Michael McCarthy's panegyric on south Harris (26 July) took me, and I am sure many others, back many years to childhood and fields full of wild flowers and birds. I hope the law of unintended consequences does not bring about an invasion of the Western Isles, where I was stationed, during the Second World War. Let us have at least a small part as nature intended.

Bill Fletcher

Cirencester, Gloucester

Entertainment?

Next time I read one of Joan Smith's occasional articles attacking football and its followers, I will remember that her idea of entertainment is to huddle in a toilet with like-minded girlies and jabber excitedly about clothes and lipstick (24 July). Most women I encounter have more cerebral interests.

Tim Matthews

Luton, Bedfordshire

Chancellor Cable

Lord Oakeshott is right about a new look at the economy (report, 26 July). In these perilous times for the British people we need a Chancellor with experience of the business world. Vince Cable has such experience. George Osborne does not. In the interests of the country, Mr Cable should now replace Mr Osborne as Chancellor. His appointment will not immedicately turn the economy from recession to growth but it will be a step in the right direction.

Valerie Crews

Beckenham, Kent

React Now

Latest stories from i100
Have you tried new the Independent Digital Edition apps?
iJobs Job Widget
iJobs General

Ashdown Group: Marketing Manager/Marketing Controller (Financial Services)

£70000 - £75000 per annum + benefits: Ashdown Group: Marketing Manager/Marketi...

Recruitment Genius: Account Manager

£20000 - £35000 per annum: Recruitment Genius: This full service social media ...

Recruitment Genius: Data Analyst - Online Marketing

£24000 - £35000 per annum: Recruitment Genius: We are 'Changemakers in retail'...

Austen Lloyd: Senior Residential Conveyancer

Very Competitive: Austen Lloyd: Senior Conveyancer - South West We are see...

Day In a Page

Read Next
 

Letter from the Deputy Editor: i’s Review of the Year

Andrew Webster
RIP Voicemail?  

Voicemail has got me out of some tight corners, so let's not abandon it

Simon Kelner
A Christmas without hope: Fears grow in Gaza that the conflict with Israel will soon reignite

Christmas without hope

Gaza fears grow that conflict with Israel will soon reignite
After 150 years, you can finally visit the grisliest museum in the country

The 'Black Museum'

After 150 years, you can finally visit Britain's grisliest museum
No ho-ho-hos with Nick Frost's badass Santa

No ho-ho-hos with Nick Frost's badass Santa

Doctor Who Christmas Special TV review
Chilly Christmas: Swimmers take festive dip for charity

Chilly Christmas

Swimmers dive into freezing British waters for charity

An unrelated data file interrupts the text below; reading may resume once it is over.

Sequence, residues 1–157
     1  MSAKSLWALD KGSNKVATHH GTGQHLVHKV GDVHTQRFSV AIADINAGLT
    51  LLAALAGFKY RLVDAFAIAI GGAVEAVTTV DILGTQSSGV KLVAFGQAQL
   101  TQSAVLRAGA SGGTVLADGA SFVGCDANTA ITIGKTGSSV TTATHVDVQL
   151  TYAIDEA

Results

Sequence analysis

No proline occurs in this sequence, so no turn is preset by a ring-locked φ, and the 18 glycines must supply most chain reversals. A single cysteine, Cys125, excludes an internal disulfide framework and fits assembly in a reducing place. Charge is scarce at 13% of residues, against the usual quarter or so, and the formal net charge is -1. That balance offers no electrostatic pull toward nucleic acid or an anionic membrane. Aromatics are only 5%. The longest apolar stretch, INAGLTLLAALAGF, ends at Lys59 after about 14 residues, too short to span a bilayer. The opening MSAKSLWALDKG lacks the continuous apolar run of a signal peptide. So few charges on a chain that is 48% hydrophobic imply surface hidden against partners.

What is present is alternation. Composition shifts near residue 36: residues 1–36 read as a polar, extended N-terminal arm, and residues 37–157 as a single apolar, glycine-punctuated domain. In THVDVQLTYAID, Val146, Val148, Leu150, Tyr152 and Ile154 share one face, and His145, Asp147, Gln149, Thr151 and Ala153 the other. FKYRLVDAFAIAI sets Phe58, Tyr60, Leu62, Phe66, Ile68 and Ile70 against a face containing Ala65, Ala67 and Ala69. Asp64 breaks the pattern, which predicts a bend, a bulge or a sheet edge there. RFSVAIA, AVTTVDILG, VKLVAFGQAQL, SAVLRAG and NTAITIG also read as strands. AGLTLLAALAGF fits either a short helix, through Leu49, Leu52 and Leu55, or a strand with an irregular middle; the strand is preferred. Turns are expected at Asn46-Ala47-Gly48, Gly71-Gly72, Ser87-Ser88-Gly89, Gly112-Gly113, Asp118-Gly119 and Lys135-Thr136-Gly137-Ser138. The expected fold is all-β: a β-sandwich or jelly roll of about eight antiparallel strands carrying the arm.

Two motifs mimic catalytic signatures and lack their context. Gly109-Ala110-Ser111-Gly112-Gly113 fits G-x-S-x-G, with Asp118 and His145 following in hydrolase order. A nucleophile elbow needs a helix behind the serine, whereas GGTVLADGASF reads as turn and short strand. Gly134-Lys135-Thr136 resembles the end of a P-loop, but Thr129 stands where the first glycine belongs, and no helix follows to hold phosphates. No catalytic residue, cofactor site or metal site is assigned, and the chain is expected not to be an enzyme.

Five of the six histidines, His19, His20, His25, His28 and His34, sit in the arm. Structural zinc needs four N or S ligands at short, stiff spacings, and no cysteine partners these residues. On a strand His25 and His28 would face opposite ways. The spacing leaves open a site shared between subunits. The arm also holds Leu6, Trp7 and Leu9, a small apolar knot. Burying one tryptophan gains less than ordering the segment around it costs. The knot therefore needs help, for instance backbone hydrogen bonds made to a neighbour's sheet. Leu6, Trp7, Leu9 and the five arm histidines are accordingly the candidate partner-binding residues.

Veterans' hostel 'overwhelmed by kindness' for festive dinner

Homeless Veterans appeal

In 2010, Sgt Gary Jamieson stepped on an IED in Afghanistan and lost his legs and an arm. He reveals what, and who, helped him to make a remarkable recovery
Isis in Iraq: Yazidi girls killing themselves to escape rape and imprisonment by militants

'Jilan killed herself in the bathroom. She cut her wrists and hanged herself'

Yazidi girls killing themselves to escape rape and imprisonment
Ed Balls interview: 'If I think about the deficit when I'm playing the piano, it all goes wrong'

Ed Balls interview

'If I think about the deficit when I'm playing the piano, it all goes wrong'
He's behind you, dude!

US stars in UK panto

From David Hasselhoff to Jerry Hall
Grace Dent's Christmas Quiz: What are you – a festive curmudgeon or top of the tree?

Grace Dent's Christmas Quiz

What are you – a festive curmudgeon or top of the tree?
Nasa planning to build cloud cities in airships above Venus

Nasa planning to build cloud cities in airships above Venus

Planet’s surface is inhospitable to humans but 30 miles above it is almost perfect
Surrounded by high-rise flats is a little house filled with Lebanon’s history - clocks, rifles, frogmen’s uniforms and colonial helmets

Clocks, rifles, swords, frogmen’s uniforms

Surrounded by high-rise flats is a little house filled with Lebanon’s history
Return to Gaza: Four months on, the wounds left by Israel's bombardment have not yet healed

Four months after the bombardment, Gaza’s wounds are yet to heal

Kim Sengupta is reunited with a man whose plight mirrors the suffering of the Palestinian people
Gastric surgery: Is it really the answer to the UK's obesity epidemic?

Is gastric surgery really the answer to the UK's obesity epidemic?

Critics argue that it’s crazy to operate on healthy people just to stop them eating
Homeless Veterans appeal: Christmas charity auction Part 2 - now LIVE

Homeless Veterans appeal: Christmas charity auction

Bid on original art, or trips of a lifetime to Africa or the 'Corrie' set, and help Homeless Veterans
Pantomime rings the changes to welcome autistic theatre-goers

Autism-friendly theatre

Pantomime leads the pack in quest to welcome all